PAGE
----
The priest, whose name was not given, led us to the church, where he explained that the Syriac Orthodox Church is one of the oldest Christian churches with roots in Antioch. They even used the Aramaic language, although the service was in Turkish. The priest explained that Aramaic was the language of God, and I couldn’t help but wonder how they knew this. When I asked him, he responded, “Have you seen God speaking in Spanish or English?” I couldn’t keep my thoughts to myself. “Well, if people pray, they are praying in their language. Why God needs a language if he is omniscient? Just read our minds!”
The church was breathtaking, dating back to the 19th century, but in the exact location where the first church was built. It served as a temple for about 200 families in the region.
Our exploration began as we set out to photograph the church. The images of Christ and Mary inside the church excited Fırat, and he was eager to learn more. As we left, we took a photo with the priest, Dr Bayram, who emphasised the importance of different religions coexisting.
Returning to the city centre, Dr Bayram pointed out different styles of dress Turkish women wore, from modern and Western clothing in Istanbul to traditional black burqas in border cities near Iraq and Iran. Dr Bayram noted that burqas were not widely appreciated in Turkey, preferring instead modest clothing with long coats and colourful hijabs. However, we noticed more black burqas in the East due to the influence of Arab culture and rural populations. We realised that education and exposure to modernity were crucial in shaping different views on dress and culture. We left Dr Bayram at the University and continued to explore that fantastic place.
Our journey led us to the most beautiful and exciting place I had seen on this trip – Nemrut. The road was narrow and winding, and Fırat drove the car at a breakneck pace, both thrilling and frightening. I learned to embrace the adrenaline rush, even though I sometimes cried with fear. We arrived at Nemrut early, but Fırat promised we would return in time to see the sunset, so we decided to explore another location.
We followed another narrow, winding road on the mountainside, with Fırat driving at an alarming speed, leaving me on edge. The car, a Fiat Linea, glided over the slippery gravel road, and we narrowly avoided colliding with other vehicles that approached from the opposite direction. The landscape was breathtaking, but my fear and sickness kept me from enjoying it thoroughly. However, every twist and turn led to a stunning new view that amazed me.
We eventually arrived at the ancient city of Arsemia, the summer capital of the Comagenes, founded by King Antiochus I Theos Epiphanes Dikaios Philoromaios Philhellen of Commagene in honour of his father King Mithridates I Callinicos. We discovered a relief depicting King Antiochus shaking hands with the hero Hercules, dating back to 50 BC, and an inscription detailing religious and political practices during the reign of Commagene. King Antiochus I’s father, Mithridates, was buried in Arsemia, adding to the historical significance of this incredible location.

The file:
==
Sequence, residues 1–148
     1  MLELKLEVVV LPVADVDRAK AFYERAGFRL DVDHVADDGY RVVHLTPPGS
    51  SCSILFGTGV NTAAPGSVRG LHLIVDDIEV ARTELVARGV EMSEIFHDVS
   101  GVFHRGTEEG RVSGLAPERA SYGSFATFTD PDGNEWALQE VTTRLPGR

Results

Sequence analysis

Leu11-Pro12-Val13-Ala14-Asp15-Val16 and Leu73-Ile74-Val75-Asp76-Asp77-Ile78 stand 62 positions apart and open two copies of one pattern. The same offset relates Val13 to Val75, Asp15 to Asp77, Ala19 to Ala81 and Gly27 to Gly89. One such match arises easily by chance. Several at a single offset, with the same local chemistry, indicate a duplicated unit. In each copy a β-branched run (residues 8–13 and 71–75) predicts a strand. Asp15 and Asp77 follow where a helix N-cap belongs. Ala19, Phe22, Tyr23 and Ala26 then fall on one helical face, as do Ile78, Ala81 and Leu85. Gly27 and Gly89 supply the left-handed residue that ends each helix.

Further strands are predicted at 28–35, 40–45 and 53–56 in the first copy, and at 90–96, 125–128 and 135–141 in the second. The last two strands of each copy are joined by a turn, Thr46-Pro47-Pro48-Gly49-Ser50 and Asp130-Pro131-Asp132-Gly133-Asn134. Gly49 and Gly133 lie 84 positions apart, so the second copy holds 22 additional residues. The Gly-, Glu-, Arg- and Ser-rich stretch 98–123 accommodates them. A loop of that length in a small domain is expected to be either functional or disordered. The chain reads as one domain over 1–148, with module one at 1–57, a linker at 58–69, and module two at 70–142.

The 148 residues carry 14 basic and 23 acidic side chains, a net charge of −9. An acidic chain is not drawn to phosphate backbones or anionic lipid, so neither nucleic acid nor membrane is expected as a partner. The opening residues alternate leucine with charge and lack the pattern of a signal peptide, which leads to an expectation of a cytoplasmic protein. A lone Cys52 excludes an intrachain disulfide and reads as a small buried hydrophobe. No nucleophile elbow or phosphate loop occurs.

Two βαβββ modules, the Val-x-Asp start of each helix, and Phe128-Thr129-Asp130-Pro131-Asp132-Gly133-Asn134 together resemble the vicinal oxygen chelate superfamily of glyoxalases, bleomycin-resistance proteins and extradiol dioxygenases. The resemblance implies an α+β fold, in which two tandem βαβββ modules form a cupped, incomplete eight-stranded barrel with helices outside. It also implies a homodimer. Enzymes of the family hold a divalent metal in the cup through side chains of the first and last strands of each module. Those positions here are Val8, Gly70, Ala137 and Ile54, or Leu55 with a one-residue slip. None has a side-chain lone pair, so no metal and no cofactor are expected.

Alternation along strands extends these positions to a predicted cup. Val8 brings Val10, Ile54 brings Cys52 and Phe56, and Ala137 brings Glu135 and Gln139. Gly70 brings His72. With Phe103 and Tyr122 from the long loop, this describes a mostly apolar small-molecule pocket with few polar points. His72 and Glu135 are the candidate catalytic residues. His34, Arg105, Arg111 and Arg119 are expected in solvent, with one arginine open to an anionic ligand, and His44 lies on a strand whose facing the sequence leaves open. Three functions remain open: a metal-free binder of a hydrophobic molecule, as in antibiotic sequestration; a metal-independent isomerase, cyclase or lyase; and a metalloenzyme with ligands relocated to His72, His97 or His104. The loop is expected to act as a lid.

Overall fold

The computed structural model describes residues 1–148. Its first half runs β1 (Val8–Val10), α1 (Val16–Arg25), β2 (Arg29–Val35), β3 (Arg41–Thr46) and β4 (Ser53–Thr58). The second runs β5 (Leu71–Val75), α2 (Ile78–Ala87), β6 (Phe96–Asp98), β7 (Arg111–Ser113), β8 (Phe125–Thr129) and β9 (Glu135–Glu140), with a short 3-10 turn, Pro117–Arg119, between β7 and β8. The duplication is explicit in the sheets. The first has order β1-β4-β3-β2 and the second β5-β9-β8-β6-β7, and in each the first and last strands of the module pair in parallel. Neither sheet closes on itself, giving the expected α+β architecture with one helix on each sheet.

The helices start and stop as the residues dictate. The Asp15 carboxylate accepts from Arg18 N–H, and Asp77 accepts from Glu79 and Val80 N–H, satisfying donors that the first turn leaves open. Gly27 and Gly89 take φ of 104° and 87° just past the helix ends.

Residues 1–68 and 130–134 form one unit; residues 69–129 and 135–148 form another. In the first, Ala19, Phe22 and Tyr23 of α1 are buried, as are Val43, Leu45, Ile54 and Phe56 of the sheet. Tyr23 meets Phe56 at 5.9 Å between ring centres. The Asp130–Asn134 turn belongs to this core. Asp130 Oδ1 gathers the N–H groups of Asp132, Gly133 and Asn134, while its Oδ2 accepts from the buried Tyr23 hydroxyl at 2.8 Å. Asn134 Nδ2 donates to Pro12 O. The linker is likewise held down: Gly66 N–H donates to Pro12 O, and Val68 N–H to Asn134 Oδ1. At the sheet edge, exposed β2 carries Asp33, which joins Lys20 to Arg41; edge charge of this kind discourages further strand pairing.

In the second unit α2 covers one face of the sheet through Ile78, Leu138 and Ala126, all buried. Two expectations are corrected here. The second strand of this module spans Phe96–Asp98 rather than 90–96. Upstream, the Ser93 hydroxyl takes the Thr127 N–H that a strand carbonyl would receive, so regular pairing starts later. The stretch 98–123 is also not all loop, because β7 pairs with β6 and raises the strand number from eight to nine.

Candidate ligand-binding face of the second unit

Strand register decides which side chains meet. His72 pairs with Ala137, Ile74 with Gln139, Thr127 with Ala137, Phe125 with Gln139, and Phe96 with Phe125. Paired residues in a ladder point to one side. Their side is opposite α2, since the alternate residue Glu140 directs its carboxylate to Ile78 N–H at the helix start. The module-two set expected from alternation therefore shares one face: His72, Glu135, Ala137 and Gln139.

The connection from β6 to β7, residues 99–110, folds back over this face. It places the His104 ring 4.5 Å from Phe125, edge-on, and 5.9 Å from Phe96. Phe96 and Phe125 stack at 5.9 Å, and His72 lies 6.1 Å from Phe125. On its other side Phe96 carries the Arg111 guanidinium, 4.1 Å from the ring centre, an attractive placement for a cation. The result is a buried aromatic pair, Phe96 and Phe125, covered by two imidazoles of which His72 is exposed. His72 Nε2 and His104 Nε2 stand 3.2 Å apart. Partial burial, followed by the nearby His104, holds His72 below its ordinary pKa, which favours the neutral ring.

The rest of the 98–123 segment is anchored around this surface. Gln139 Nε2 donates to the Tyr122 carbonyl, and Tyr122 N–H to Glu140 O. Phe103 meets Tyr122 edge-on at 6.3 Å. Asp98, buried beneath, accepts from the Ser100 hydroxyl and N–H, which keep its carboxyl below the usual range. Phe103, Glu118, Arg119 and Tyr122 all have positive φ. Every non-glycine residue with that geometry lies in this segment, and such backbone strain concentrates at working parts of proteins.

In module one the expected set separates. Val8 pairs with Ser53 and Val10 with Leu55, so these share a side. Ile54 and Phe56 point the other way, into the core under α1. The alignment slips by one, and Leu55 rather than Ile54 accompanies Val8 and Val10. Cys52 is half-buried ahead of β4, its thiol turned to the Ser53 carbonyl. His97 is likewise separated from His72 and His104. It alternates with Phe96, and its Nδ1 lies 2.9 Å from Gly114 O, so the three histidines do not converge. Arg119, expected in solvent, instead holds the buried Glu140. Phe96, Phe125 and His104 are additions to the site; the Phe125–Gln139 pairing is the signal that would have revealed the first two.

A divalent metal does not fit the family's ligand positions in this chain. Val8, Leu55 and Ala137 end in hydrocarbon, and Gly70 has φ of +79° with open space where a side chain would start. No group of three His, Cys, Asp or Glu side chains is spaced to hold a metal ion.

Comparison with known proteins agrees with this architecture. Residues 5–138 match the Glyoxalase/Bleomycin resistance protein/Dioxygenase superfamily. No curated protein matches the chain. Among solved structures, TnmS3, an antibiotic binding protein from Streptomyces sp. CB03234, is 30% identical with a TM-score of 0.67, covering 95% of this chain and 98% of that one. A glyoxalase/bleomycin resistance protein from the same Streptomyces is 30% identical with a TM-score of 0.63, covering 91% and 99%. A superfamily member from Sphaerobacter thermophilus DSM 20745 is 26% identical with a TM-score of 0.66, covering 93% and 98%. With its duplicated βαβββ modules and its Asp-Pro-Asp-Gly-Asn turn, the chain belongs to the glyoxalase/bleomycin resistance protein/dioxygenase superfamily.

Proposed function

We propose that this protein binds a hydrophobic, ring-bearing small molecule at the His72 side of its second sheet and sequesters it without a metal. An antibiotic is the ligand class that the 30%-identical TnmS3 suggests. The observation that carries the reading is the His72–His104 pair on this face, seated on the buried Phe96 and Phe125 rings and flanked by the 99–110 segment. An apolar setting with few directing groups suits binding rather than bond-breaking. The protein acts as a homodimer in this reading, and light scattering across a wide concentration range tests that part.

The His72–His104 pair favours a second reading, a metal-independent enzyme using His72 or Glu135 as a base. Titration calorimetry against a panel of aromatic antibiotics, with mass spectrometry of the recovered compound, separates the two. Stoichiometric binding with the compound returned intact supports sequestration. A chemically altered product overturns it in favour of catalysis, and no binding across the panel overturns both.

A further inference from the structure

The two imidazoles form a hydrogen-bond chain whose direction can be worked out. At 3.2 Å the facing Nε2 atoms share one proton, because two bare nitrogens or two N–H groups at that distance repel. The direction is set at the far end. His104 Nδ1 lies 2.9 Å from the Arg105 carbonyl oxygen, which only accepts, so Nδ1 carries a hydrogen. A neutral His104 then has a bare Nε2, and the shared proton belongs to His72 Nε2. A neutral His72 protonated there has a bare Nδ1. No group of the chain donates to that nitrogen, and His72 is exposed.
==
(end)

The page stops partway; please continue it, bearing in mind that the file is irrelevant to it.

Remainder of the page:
As we approached the inscription, I felt a shiver down my spine. Below it lay a tunnel, 158 meters deep, waiting to be explored. My adventurous spirit yearned to venture inside despite the darkness and the unknown. The ancients believed the tunnel had healing powers, and I couldn’t resist the temptation to discover more. Armed with my camera, I captured as much as possible, feeling regretful for the ruins that lacked reference.
As we headed back to the car, we grabbed some refreshing beverages. Fırat urged me to purchase souvenirs to support the locals, and I obliged, choosing a baby set of stones that resembled the statues we would later encounter.
Then we went to a Roman bridge, the Septimus Severus Bridge or Cendere Köprüsü, which spanned the river and showcased the beauty of ancient engineering. It was built in honour of the Roman Emperor Lucius Septimus Severus, his second wife Julia Domna, and their sons Lucius Septimus Bassianus Caracalla and Publius Septimus Antoninus Gueta. However, when Caracalla killed Gueta, he ordered all references to his brother to be destroyed, including one of the bridge columns. Family drama truly transcends time.
But our journey didn’t end there. We continued to Nemrut Mountain, the highest peak in southeast Turkey, and discovered a royal tomb buried on the mountaintop from the 1st century BC. Alongside the grave were statues representing Greek gods, Armenians, and Iranians, including Atiochious, two lions, two eagles, Hercules-Vahagn, Zeus-Aramazd, Tyche, and Apollo Mithras. The statues were positioned according to the alignment of Jupiter, Mercury, and Mars on July 7, 62 BC.
As the sun began to set, we sat on the mountain’s west side and waited for the spectacle to begin. People worldwide were scattered around, waiting for the same event that occurs every day but never seems to be fully appreciated. I felt a wave of peace wash over me, and I could not resist the urge to breathe deeply and take in all the natural energy surrounding me.
As the sun disappeared over the horizon, it was time to head back. Accompanied by two Turkish and the other Kurdish women, we chatted and exchanged stories on the way back to our hotel. As I drifted to sleep that night, I dreamed of kings, tombs, and sunsets, feeling more alive and adventurous than ever.